It has been written to assist the media in planning and researching future stories related to space science and astronomy, particularly those with UK involvement. It is not intended to be fully comprehensive. Dates and times may be subject to change.
7 FEBRUARY: LAUNCH OF ATLANTIS SPACE SHUTTLE AND COLUMBUS LAB
At 1945 GMT on 7 February, the space shuttle Atlantis is set to launch on a 10-day mission to deliver the Columbus laboratory to the International Space Station (ISS). The Columbus laboratory is a European Space Agency module for the ISS and will be used by astronauts to carry out experiments in a weightless environment.
ESA astronauts Leopold Eyharts from France and Hans Schlegel from Germany will be aboard Atlantis and will help commission the laboratory. Former fighter pilot Eyharts will then live on the ISS for the next three months.FURTHER INFORMATION
On 7 and 8 February leading geophysicists will meet at Burlington House, Piccadilly, London to discuss the latest research in the science of climate change. Topics under discussion include the causes and effects of glaciation and deglaciation; changes in sea level, evidence of past and future weather patterns, the interplay between tectonics and climate and ocean circulation; the effects of volcanism and seafloor gas emission and extraterrestrial effects on climate.
The meeting runs from 0945 to 1745 on 7 February and 0920 to 1530 on 8 February and is open to accredited media representatives.CONTACT
Dr Roberto Trotta, Norman Lockyer Fellow of the Royal Astronomical Society and Oxford University scientist, will give the second RAS lunchtime lecture. He will discuss the 96% of the Universe that remains largely unknown to modern science and the cutting-edge techniques that scientists are using to reveal its nature.
The lunchtime lectures are open to everyone and take place in the newly-refurbished Burlington House, the headquarters of the RAS off Piccadilly in central London. The lectures take place at 1pm on the first Tuesday of each month and the audience can take their seats from 12.45.FURTHER INFORMATION
Robert Massey | alfa
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Controlling electronic current is essential to modern electronics, as data and signals are transferred by streams of electrons which are controlled at high speed. Demands on transmission speeds are also increasing as technology develops. Scientists from the Chair of Laser Physics and the Chair of Applied Physics at Friedrich-Alexander-Universität Erlangen-Nürnberg (FAU) have succeeded in switching on a current with a desired direction in graphene using a single laser pulse within a femtosecond ¬¬ – a femtosecond corresponds to the millionth part of a billionth of a second. This is more than a thousand times faster compared to the most efficient transistors today.
Graphene is up to the job
At the productronica trade fair in Munich this November, the Fraunhofer Institute for Laser Technology ILT will be presenting Laser-Based Tape-Automated Bonding, LaserTAB for short. The experts from Aachen will be demonstrating how new battery cells and power electronics can be micro-welded more efficiently and precisely than ever before thanks to new optics and robot support.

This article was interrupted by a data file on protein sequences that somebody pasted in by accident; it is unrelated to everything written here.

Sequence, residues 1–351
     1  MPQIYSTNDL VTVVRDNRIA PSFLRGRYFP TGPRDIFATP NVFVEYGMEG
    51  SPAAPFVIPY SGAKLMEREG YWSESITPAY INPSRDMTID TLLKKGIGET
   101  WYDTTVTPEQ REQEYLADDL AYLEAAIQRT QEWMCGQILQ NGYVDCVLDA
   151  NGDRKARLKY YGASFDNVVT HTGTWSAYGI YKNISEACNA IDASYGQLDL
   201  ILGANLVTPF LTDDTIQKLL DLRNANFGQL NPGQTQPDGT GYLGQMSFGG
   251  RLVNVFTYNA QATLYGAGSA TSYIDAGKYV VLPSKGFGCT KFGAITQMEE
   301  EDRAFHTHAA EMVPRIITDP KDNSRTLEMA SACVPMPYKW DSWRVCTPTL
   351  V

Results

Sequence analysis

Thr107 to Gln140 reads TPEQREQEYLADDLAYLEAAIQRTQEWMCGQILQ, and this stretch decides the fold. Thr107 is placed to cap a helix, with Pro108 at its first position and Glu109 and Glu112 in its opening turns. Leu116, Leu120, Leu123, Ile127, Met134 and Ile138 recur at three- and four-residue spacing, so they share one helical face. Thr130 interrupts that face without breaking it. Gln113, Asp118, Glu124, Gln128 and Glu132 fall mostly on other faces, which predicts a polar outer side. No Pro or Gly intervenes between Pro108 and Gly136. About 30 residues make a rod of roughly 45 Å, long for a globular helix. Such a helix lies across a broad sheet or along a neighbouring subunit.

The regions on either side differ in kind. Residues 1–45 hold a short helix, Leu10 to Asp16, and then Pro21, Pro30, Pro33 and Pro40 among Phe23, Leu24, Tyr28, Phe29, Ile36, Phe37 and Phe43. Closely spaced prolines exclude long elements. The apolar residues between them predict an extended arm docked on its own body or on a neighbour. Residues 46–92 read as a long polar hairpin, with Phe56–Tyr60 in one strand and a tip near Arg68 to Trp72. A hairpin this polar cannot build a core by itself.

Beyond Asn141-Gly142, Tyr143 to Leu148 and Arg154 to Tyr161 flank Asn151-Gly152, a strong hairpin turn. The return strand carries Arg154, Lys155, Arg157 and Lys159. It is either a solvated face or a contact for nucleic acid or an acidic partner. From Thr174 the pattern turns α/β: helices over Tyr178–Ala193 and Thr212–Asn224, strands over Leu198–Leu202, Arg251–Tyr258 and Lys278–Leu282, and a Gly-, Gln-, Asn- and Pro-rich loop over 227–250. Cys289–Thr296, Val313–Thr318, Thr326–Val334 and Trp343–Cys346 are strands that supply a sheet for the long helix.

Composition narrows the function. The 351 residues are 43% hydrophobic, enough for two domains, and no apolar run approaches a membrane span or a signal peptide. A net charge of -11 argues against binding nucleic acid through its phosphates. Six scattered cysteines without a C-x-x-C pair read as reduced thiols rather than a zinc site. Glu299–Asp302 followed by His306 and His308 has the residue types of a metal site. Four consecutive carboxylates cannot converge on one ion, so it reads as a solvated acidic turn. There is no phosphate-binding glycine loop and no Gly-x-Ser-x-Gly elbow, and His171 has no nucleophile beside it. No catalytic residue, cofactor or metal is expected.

Fraunhofer ILT from Aachen relies on a clever combination of robotics and a laser scanner with new optics as well as process monitoring, which it has developed...
Plants and algae use the enzyme Rubisco to fix carbon dioxide, removing it from the atmosphere and converting it into biomass. Algae have figured out a way to increase the efficiency of carbon fixation. They gather most of their Rubisco into a ball-shaped microcompartment called the pyrenoid, which they flood with a high local concentration of carbon dioxide. A team of scientists at Princeton University, the Carnegie Institution for Science, Stanford University and the Max Plank Institute of Biochemistry have unravelled the mysteries of how the pyrenoid is assembled. These insights can help to engineer crops that remove more carbon dioxide from the atmosphere while producing more food.
A warming planet
Our brains house extremely complex neuronal circuits, whose detailed structures are still largely unknown. This is especially true for the so-called cerebral cortex of mammals, where among other things vision, thoughts or spatial orientation are being computed. Here the rules by which nerve cells are connected to each other are only partly understood. A team of scientists around Moritz Helmstaedter at the Frankfiurt Max Planck Institute for Brain Research and Helene Schmidt (Humboldt University in Berlin) have now discovered a surprisingly precise nerve cell connectivity pattern in the part of the cerebral cortex that is responsible for orienting the individual animal or human in space.
The researchers report online in Nature (Schmidt et al., 2017. Axonal synapse sorting in medial entorhinal cortex, DOI: 10.1038/nature24005) that synapses in...
Whispering gallery mode (WGM) resonators are used to make tiny micro-lasers, sensors, switches, routers and other devices. These tiny structures rely on a...
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